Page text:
Keep calm, Herbies

This morning’s news is full of warnings that for those in distress, things could be about to get a little bit worse.

Sadly for Herbert Smith Freehills we are not talking about George Osborne’s doom-laden autumn statement (does he not know it’s winter? Has he seen the snow?). Following hot on the heels of highly rated junior corporate partner Will Pearce jumping ship to Davis Polk & Waldwell’s London arm and English-qualified corporate and energy partner Robin Wittering defecting to Russian law firm Egorov Puginsky Afanasiev & Partners in Moscow, City litigation partner Kevin Lloyd has now tendered his resignation.

Lloyd is set to make a similar ‘American law firm in London’ move to work alongside Lord Goldsmith QC for Debevoise & Plimpton.

If you are looking for a spot of crystal ball-gazing today, forget the Government’s bleak predictions on our economy. Turn instead to our prophetic Global Litigation Top 50.

Published on Monday, we suggested: “Don’t bet against seeing Debevoise beefing up its English law capacity in the coming months”. Do we know something you don’t? Quite probably. Or it could just have been litigation co-chair John Kiernan telling us that a UK presence is a “key question” for the firms with lofty top 50 ambitions?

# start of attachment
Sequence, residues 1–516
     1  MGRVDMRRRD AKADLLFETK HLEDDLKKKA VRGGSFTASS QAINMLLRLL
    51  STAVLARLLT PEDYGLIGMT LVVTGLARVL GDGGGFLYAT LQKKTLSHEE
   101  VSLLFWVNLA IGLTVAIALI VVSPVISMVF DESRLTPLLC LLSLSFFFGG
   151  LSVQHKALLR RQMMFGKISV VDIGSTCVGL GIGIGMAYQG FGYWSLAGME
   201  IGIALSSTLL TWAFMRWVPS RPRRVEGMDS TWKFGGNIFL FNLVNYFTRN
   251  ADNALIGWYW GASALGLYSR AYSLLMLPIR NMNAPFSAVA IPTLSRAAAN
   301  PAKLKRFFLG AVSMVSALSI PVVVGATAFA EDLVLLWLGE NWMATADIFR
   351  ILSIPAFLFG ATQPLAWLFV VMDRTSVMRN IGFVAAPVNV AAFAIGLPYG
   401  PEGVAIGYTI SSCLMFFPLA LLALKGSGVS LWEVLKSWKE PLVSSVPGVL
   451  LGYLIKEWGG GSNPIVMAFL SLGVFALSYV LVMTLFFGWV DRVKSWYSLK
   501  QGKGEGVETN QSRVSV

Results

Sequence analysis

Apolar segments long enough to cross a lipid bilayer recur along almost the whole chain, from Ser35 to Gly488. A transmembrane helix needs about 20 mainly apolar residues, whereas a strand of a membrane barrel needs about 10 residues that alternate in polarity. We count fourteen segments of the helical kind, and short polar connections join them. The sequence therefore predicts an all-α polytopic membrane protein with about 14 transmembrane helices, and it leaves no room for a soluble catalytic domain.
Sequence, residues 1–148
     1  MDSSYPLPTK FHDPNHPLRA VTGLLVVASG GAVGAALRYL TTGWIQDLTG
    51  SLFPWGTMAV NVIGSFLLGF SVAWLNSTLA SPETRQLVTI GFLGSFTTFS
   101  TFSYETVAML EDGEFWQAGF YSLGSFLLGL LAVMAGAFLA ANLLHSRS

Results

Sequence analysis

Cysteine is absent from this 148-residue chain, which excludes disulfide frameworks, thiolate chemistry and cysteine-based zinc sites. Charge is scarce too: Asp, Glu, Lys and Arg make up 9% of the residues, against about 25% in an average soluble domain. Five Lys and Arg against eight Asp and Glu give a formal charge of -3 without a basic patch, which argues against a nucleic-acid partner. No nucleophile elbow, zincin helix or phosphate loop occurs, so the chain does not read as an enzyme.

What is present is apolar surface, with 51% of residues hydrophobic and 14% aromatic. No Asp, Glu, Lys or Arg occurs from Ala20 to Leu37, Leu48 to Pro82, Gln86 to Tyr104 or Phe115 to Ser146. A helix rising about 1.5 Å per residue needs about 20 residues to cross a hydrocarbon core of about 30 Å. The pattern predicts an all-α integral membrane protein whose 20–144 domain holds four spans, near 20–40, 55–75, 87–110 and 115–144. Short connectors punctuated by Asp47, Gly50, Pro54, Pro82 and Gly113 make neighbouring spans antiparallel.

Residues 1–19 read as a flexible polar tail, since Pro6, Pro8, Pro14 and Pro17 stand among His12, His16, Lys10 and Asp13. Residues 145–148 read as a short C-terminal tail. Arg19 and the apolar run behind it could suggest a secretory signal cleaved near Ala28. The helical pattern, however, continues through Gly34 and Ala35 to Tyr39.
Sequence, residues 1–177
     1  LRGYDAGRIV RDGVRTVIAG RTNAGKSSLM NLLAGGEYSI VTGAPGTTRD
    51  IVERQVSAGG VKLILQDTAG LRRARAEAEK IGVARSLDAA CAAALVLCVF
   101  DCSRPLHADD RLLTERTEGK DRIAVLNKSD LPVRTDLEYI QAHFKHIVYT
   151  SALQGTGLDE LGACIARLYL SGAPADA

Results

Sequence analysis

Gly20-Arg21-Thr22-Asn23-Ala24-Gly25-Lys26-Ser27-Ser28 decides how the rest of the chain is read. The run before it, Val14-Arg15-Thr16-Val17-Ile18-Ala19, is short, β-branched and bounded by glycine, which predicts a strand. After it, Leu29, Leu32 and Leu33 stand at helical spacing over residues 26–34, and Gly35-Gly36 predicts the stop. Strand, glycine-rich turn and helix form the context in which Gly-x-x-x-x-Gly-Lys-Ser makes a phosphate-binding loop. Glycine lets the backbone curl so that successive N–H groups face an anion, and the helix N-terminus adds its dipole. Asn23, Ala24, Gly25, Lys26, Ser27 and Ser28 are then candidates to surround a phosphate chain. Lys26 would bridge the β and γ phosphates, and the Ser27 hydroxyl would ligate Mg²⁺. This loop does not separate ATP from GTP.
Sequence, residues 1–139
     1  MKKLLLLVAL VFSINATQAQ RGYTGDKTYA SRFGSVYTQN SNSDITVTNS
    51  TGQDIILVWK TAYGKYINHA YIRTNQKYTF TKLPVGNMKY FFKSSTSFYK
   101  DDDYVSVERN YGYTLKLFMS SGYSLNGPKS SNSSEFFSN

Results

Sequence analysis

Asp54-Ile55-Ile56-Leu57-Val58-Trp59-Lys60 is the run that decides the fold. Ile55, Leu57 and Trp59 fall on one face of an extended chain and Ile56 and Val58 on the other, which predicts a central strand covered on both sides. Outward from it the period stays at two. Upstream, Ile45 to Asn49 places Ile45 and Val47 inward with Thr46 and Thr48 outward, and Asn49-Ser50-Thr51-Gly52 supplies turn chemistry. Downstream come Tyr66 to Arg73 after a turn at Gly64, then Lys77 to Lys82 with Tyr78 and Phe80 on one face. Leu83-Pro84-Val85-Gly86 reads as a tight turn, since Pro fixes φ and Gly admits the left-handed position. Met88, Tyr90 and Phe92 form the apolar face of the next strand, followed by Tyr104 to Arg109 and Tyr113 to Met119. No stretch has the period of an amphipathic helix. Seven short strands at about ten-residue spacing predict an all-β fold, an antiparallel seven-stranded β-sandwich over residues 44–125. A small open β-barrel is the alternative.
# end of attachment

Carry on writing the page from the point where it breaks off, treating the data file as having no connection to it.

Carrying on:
From a well-thumbed leadership guide entitled ‘101 oldest tricks in the book’, Herbies has chosen today to announce some good news. Its low-cost Belfast document review centre, which previously handled just litigation support work, is now looking to move into real estate work, corporate due diligence and is also considering funds.


Also on

  • It’s a Herbies hat-trick in LND today with the firm winning an instruction alongside Skadden as Abramovich buys into Russian metal maker Norilsk Nickel
  • Wizard Vizards: Veale Wasbrough Vizards has spirited away Bristol City Council legal head Stephen McNamara to its public sector department as a consultant
  • And, slash and burn: Clifford Chance has confirmed that it will be cutting its trainee intake for 2015 from up to 120 to a maximum of 100 after a recent round of associate redundancies